with Emmi but does straight up nothing against Hive Mind, and the list continues.
One card deserves particular mention, though, because many misunderstand how it works: Chalice of the Void. If you’re not trying to make sure your own
counters resolve in spite of Pact of Negation, the only thing Chalice at zero does is help the Hive Mind player. You see, the copies Hive Mind makes
aren’t cast, so they remain unaffected by Chalice. The original Pacts however are countered, freeing the caster from paying for them. Not what you
should be trying to do at all!
That doesn’t mean there aren’t ways to hate the deck out should it ever become widely played, but most of these answers are narrow enough to not be
worth it in a metagame in which Hive Mind is low profile.
Let’s take a look at the somewhat more limited options: Any kind of counterspell that can’t counter itself is a reasonable way to stop Pact copies from
resolving. Nix, Spell Burst, and others have been suggested, and Spellstutter Sprite has already seen some play. Personally I’m a fan of
Flusterstorm—the Hive Mind copy’s storm trigger never goes on the stack, allowing you to safely get rid of your Pact. The reason I like it is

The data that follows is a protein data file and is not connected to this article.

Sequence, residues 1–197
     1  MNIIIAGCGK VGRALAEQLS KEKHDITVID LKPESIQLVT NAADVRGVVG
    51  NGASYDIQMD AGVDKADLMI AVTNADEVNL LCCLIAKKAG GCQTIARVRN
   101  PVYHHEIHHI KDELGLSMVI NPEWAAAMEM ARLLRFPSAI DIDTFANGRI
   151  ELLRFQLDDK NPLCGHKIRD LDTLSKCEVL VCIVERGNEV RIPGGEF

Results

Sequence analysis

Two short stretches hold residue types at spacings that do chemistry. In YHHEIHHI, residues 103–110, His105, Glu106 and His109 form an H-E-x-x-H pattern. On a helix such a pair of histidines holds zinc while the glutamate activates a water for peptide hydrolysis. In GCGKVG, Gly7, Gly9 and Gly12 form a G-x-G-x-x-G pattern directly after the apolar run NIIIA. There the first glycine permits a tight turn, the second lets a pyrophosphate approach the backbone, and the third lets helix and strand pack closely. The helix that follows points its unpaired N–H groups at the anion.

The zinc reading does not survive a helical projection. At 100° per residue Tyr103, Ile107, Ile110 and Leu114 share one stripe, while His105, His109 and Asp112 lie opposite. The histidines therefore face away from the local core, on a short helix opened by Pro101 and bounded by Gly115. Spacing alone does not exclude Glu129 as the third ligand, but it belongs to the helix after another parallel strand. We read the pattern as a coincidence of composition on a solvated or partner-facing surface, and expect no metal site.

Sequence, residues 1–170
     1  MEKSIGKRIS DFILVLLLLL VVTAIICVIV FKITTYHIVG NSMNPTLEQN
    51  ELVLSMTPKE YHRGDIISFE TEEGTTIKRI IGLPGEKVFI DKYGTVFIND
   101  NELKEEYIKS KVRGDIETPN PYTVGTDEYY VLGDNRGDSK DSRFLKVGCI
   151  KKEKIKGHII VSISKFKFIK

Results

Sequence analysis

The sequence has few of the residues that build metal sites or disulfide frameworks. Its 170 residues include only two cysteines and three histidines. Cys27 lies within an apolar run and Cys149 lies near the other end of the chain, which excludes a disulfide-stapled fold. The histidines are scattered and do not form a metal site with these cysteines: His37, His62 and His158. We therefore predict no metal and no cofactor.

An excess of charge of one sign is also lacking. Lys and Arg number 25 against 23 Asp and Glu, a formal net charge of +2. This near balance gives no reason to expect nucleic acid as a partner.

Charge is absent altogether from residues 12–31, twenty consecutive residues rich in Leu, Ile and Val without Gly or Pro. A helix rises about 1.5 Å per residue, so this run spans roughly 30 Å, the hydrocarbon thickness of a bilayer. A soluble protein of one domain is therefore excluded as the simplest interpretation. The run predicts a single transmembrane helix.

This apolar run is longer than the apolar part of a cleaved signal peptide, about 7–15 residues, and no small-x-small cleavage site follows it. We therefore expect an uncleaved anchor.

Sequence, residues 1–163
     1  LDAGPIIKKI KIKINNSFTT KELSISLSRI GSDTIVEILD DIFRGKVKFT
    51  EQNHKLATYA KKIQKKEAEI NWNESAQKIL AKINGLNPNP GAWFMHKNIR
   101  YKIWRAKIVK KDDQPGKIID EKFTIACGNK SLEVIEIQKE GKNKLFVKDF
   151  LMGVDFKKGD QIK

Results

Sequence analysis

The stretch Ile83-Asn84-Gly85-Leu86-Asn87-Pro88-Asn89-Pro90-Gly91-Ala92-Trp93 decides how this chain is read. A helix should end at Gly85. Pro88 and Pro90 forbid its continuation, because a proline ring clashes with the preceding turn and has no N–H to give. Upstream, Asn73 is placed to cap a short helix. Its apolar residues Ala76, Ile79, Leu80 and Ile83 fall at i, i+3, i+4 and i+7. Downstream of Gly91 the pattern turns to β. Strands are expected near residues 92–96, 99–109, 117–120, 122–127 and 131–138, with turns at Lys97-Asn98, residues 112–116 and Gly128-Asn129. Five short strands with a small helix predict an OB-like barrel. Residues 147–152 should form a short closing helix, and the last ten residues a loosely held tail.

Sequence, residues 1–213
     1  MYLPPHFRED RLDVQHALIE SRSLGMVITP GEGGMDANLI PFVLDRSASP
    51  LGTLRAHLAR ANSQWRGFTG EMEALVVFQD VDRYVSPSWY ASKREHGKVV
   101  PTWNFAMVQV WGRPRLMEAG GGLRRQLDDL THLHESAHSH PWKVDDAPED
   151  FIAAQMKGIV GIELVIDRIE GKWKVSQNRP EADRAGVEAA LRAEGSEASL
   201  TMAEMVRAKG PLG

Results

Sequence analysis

because it also works when you’re fighting over the actual combo pieces before the Pacts ever enter the stack, making it one of the absolutely least
narrow options available. On the other end of the narrowness spectrum, dropping an Eon Hub into play off the opponent’s Show and Tell is definitely
good for a laugh and locks them out of the Pact win for the rest of the game.
The single most powerful hate card against the deck has to be Angel’s Grace, though. Grace is not only an uncounterable answer to however many Pacts
they’ve managed to force you to copy, but it doesn’t allow them to stop their own Pacts, usually leading to their demise once their turn rolls around
again. Stifle provides a similar functionality but will only allow you to survive a single Pact.
Stitching Things Back Together
I hope this pseudo-scientific inquiry into the inner workings of the new combo kid on the block has provided you with some insight, whether you want to
play it yourself or just want to know how to prepare against it. Whichever you chose, themind definitely has proven itself as a mightier weapon than the sword for the moment. We’ll see how long that lasts!